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Sandra Richardson: The world of diverse abilities is full of power and beauty

This month, we’re celebrating the strength and potential of all abilities to propel our community forward.
Sandra Richardson is CEO of the Victoria Foundation. VICTORIA FOUNDATION

I remember a group of children who were interviewed by reporters at an event held in 2012 at the Pacific Institute of Sport Excellence. The children were demonstrating to the then-lieutenant-governor of B.C. some of the sports skills they’d learned in a pilot for the ABCs of Physical Literacy program.

One child had Down syndrome, and a reporter asked the young group how they made him feel part of the team. The kids answered with something akin to: “What do you mean? He’s already part of the team. He’s one of us!”

That moment stuck with me — the idea that these children, in their innocence, did not see difference; that they accepted every player as important to their group. I wonder how positive life would be for everyone, especially those with diverse abilities, if grown-ups inherently took the same mindset.

March 21 was World Down Syndrome Day, and I’d like to recognize all our wonderful partners who are empowering our Down syndrome community. Non-profits like the invaluable Greater Victoria Down Syndrome Society offer myriad resources for individuals and their families to enjoy life to the fullest.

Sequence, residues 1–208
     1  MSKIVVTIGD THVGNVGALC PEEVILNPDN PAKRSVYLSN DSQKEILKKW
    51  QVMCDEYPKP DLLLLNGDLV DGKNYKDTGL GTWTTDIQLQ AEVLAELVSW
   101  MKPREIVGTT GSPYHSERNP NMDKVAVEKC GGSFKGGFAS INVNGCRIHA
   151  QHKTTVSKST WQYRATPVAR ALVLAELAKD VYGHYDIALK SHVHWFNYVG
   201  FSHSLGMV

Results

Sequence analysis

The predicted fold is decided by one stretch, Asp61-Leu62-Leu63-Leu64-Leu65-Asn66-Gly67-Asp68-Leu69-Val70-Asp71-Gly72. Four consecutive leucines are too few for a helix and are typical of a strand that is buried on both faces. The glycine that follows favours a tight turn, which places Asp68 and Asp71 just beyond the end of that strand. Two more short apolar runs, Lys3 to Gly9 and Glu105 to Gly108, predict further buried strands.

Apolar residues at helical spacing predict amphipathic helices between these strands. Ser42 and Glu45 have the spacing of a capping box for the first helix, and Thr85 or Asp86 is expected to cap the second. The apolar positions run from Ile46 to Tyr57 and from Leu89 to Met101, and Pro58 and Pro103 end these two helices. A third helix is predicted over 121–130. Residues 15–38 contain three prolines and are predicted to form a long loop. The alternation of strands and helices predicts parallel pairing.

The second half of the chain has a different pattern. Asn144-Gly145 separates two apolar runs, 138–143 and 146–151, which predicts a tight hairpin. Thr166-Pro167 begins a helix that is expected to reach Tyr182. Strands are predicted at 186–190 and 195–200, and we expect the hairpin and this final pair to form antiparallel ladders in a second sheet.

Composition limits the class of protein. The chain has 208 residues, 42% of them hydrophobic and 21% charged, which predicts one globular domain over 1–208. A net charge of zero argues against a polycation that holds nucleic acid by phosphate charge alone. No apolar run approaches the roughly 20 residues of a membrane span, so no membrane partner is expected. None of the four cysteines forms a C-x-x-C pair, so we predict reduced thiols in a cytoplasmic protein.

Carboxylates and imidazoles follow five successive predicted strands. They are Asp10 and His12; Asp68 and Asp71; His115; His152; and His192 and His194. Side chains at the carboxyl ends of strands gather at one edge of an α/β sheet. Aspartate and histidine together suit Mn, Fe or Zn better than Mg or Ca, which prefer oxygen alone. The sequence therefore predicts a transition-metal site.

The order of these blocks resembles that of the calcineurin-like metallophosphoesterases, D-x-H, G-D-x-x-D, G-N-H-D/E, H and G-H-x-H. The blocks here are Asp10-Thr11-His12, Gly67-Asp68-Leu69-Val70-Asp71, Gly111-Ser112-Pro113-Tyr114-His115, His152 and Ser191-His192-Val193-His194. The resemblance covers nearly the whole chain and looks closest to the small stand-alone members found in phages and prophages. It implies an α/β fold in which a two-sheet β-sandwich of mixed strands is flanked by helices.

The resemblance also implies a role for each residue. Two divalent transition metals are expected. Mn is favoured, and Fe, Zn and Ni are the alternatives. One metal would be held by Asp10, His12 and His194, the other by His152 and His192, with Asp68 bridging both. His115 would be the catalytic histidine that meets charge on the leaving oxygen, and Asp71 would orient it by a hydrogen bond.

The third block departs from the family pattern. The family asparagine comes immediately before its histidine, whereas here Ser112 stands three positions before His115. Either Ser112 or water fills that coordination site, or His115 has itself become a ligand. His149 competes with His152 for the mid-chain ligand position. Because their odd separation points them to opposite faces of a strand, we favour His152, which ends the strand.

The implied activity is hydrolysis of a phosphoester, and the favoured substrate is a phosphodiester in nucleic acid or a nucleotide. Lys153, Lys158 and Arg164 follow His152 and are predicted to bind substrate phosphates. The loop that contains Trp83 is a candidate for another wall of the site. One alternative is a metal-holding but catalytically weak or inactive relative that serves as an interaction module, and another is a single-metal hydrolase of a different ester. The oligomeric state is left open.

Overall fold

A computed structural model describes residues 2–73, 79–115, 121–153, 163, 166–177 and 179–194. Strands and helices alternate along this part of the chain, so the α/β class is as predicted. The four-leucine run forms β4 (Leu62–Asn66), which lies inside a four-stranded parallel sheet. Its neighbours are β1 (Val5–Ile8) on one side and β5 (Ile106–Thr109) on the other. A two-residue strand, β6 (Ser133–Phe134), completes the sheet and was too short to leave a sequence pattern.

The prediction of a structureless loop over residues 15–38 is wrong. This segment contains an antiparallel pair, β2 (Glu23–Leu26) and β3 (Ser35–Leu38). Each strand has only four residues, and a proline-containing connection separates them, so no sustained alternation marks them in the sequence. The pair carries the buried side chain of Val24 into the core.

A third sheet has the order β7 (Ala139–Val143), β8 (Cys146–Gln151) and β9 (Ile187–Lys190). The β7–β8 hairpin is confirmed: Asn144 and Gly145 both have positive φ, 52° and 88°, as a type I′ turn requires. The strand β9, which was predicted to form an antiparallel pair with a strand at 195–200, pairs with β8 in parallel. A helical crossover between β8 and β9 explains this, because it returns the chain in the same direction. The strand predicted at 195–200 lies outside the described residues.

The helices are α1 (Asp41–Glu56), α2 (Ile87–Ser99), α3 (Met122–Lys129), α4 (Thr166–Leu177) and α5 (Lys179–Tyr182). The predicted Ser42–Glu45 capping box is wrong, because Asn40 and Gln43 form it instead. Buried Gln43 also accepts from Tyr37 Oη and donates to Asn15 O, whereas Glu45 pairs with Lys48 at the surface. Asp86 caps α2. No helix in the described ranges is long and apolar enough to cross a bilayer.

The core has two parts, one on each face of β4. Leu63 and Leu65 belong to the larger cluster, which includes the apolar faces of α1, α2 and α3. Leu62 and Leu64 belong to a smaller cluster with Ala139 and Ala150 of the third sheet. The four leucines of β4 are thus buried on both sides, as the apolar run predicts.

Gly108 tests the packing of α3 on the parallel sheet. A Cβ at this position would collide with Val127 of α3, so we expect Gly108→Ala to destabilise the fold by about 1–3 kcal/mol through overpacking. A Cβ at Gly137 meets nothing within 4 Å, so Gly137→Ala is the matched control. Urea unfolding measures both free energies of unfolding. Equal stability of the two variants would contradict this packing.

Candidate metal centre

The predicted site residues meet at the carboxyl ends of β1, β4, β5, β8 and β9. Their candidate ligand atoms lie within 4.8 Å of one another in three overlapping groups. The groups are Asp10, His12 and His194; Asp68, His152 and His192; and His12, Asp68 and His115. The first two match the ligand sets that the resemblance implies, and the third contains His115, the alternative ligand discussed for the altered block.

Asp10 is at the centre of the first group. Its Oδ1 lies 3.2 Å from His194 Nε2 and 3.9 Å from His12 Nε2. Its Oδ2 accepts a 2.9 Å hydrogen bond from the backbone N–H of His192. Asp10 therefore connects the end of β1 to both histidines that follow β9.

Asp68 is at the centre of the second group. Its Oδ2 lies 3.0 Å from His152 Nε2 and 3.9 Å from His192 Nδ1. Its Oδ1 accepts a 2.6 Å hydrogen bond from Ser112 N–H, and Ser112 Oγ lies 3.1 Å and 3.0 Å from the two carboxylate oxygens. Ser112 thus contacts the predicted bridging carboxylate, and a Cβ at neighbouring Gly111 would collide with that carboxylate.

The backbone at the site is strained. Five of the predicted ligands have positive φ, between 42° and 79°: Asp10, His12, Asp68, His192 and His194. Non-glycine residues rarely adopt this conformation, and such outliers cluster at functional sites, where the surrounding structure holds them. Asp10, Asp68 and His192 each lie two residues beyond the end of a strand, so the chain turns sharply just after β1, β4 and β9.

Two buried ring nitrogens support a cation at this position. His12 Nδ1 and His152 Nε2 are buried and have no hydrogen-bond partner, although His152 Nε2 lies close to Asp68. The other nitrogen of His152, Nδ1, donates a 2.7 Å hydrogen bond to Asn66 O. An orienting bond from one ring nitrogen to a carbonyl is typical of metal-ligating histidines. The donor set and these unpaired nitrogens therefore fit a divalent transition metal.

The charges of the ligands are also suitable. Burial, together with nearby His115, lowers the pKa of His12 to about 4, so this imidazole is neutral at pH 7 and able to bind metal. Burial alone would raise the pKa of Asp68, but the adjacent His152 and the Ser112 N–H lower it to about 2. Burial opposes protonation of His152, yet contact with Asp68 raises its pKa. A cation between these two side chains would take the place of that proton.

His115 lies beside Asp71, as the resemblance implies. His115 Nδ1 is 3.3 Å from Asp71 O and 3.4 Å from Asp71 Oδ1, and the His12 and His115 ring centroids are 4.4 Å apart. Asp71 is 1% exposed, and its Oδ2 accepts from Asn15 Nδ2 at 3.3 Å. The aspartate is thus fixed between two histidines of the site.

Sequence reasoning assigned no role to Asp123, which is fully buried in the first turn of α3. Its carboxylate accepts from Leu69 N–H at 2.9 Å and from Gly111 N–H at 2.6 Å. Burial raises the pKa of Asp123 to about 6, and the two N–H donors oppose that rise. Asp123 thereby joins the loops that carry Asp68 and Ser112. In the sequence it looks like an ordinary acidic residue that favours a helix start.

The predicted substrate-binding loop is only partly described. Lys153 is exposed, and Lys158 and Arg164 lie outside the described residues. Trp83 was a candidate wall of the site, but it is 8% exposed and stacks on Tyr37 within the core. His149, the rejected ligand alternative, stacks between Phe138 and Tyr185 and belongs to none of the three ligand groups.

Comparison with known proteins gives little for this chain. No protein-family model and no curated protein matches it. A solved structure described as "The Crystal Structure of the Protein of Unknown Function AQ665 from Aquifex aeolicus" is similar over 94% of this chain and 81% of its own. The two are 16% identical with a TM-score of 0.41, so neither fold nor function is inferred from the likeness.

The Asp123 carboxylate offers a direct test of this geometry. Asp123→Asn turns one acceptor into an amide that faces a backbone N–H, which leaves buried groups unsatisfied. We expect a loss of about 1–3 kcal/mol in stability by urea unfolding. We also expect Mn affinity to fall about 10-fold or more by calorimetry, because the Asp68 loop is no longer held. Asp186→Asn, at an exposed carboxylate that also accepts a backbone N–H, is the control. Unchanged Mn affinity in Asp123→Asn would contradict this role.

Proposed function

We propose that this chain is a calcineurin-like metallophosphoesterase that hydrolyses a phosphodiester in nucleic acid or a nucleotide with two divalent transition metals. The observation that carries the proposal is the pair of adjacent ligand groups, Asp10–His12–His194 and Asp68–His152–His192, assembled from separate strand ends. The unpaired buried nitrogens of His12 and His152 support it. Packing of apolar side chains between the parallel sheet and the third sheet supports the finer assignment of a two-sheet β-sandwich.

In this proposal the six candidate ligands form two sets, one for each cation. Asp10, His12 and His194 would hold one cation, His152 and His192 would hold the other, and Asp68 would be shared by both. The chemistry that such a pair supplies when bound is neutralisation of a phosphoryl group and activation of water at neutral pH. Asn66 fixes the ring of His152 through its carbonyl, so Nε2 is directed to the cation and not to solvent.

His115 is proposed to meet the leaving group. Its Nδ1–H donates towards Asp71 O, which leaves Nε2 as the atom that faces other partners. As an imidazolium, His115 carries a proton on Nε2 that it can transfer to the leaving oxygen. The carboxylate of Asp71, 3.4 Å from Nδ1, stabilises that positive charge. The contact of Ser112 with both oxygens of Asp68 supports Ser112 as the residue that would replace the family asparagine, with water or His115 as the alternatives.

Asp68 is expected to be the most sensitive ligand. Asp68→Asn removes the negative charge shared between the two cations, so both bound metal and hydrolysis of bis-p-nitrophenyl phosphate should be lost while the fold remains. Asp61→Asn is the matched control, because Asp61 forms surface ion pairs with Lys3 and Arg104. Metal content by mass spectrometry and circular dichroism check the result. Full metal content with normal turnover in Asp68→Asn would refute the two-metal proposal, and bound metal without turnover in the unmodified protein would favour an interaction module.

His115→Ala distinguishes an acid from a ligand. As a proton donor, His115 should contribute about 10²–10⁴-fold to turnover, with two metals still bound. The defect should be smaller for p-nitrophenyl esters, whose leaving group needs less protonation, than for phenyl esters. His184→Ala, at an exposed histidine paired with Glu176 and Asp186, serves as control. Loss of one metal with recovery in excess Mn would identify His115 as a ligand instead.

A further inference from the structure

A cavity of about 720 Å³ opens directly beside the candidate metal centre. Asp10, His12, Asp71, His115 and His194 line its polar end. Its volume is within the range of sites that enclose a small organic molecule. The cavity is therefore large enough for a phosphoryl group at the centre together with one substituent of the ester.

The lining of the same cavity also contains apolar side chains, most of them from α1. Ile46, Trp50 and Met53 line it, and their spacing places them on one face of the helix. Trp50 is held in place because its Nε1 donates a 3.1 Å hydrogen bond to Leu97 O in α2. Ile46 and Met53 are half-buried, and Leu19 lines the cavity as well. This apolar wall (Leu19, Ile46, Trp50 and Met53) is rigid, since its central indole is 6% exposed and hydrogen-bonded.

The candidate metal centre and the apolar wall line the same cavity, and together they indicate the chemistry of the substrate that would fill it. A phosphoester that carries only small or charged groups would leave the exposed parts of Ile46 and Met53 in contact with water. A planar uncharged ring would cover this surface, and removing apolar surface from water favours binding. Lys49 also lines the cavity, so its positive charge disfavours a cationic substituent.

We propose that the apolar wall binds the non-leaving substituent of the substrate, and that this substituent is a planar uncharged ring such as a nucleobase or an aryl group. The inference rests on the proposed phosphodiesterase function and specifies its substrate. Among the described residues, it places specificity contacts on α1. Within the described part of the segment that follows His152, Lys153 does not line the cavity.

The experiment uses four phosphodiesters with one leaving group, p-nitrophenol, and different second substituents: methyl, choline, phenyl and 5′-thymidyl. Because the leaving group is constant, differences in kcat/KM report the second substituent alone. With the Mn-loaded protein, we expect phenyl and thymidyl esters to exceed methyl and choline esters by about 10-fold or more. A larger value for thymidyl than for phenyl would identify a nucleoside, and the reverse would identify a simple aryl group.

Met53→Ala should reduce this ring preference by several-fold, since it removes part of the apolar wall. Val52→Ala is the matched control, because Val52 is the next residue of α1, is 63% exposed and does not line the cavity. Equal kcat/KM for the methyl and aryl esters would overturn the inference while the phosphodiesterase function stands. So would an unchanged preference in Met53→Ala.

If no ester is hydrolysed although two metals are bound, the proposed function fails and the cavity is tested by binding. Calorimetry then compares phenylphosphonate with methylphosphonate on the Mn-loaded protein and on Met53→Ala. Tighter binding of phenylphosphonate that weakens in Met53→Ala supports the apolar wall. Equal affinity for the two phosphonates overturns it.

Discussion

But I also want to broaden my scope to recognize all differing abilities this month.

This world of difference is full of might and beauty — these are humans with huge capacity to love, to work, to care for others, to be creative, and to impact the world forever, just like our able-bodied community. I’m grateful to live in a region working to embrace everyone, and to see difference as a vibrant strength.

The grassroots Victoria Disability Resource Centre, for example, is run by people who have been bravely challenging the way we perceive ability since 1990. We also have CanAssist at the University of Victoria, diligently bringing innovative assistive technologies and services to the region.

I’m also heartened by local businesses consciously hiring this diversity, including a cafe called A Kinder Cup, in View Royal. It’s a compassionate business that’s “brewing up belonging” with every coffee. We hire people of diverse abilities right here at the Foundation, too.

People of difference are everywhere, and they’re a crucial part of what makes our region so vibrant, caring and successful. With that said, communities continue to push for better support.

Our Vital Signs 2023 survey shows that about 30 per cent of Greater Victorians with possible varying abilities feel at times uncomfortable because of the challenges of their surroundings.

Andrea Carey is the valiant executive director of OneAbility, a network of organizations working to improve sports opportunities. She says that while our region has some good services, many areas must improve — and it starts with involving our diverse community directly.

“They are the voice we need involved,” says Andrea. “We need to be intentional about including people with disabilities in our thinking, planning and delivery of programs, services, and infrastructure to ensure that we are planning for barrier-free experiences.”

So, I invite you to consider how diverse abilities impact your life, how they enhance it and bring joy, and how your time, talent or treasure can impact their lives with immeasurable opportunities.

Together, we can learn to value each other as integral members of a team, no questions asked, just like those wonderful children interviewed over a decade ago.

Sandra Richardson is CEO of the Victoria Foundation.

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